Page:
Of course, the reduction in tariffs was not the only reform of the 1980s and 1990s. The exchange rate was floated, capital markets were deregulated, labour markets were made more flexible, product markets were made more competitive, and state-owned enterprises were privatised or at least 'corporatised'.
Nevertheless, the Productivity Commission economist, Dean Parham, estimates opening the economy to the rest of the world, in which tariff reform played a major part, added about the 0.5 percentage points to annual productivity growth.
The economy’s strong response to the unilateral tariff reform of the 1980s and 1990s was further evidence of the point often made by economists: most of the benefits of tariff reform go to the economies that reduce their tariffs.
That is, the bulk of the economic benefits come mainly from the more efficient allocation of resources made possible by increased access to better and cheaper imports.
That of course is the direct opposite of what President Trump seems to believe.
Trump’s tariffs on steel and aluminium alone will not have much effect on US growth unless they spark a serious trade war. However, the President has signalled there are more tariff measures to come.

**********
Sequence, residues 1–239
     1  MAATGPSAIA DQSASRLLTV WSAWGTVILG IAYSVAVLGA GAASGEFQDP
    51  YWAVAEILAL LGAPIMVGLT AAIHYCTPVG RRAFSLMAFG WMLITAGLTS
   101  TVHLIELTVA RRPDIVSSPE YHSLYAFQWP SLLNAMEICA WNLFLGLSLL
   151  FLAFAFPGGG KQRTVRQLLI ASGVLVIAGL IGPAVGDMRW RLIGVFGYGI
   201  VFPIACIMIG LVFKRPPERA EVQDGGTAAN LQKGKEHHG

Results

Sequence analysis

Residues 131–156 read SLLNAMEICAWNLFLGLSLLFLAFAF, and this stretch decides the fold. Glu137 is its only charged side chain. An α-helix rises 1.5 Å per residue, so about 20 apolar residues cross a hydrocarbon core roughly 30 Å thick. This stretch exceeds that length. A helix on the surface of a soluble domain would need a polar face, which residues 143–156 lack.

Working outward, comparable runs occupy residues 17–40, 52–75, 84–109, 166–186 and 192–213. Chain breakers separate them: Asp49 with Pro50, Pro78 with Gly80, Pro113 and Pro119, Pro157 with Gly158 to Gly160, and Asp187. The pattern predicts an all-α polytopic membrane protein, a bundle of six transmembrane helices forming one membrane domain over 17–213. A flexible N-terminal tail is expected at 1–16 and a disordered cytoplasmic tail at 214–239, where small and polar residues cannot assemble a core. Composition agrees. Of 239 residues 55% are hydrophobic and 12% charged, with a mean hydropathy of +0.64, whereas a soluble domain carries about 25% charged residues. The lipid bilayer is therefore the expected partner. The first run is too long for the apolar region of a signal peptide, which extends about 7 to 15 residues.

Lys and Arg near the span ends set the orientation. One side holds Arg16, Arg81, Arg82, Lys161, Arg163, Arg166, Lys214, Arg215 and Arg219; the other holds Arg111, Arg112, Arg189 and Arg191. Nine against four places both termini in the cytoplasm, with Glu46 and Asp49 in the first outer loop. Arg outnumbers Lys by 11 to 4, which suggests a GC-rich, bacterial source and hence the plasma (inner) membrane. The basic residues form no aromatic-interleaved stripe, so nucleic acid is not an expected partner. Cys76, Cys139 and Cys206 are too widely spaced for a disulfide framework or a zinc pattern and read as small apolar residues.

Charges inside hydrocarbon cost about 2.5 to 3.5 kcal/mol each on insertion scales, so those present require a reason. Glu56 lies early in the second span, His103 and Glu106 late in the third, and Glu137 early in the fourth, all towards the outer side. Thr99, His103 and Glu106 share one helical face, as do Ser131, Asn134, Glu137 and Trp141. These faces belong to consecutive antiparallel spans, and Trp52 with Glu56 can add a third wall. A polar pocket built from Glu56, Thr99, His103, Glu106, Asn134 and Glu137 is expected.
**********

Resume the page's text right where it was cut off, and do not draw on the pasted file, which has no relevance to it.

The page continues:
A danger he may not fully anticipate is the political and economic dynamic his policies may unleash within the US.
Trump's actions risk sending a destructive message to US business: that, instead of investing in increased efficiency and innovation, it can now look to the government to solve its competitiveness problems. That’s a world in which senior executives are selected as much for their lobbying skills as their business acumen.
Give one industry protection and the next day you’ll have a queue of industry leaders at your door with persuasive arguments as to why they are just as deserving of assistance.
No sooner had Trump announced his steel and aluminium tariffs, then Elon Musk, the founder of Tesla, was complaining loudly about China’s 25 per cent tariff on imported cars, which is 10 times the US tariff.
“I am against import duties in general but the current rules make things very difficult,” Musk said. “It’s like competing in an Olympic race wearing lead shoes.”
A sympathetic president responded by repeated his threat of tit-for-tat import taxes.
"We are going to be doing a reciprocal tax program at some point, so that if China is going to charge us 25 per cent or if India is going to charge us 75 per cent and we charge them nothing," Trump said. "We're going to be at those same numbers. It's called reciprocal, a mirror tax.”
Many of the people who queue for protection will have come with promises of investment and innovation, if only President Trump can 'level the playing field'. But most will not deliver on their promises.
As an old joke goes, governments don’t pick winners, losers pick governments.
Alan Mitchell is a former economics editor of the Australian Financial Review.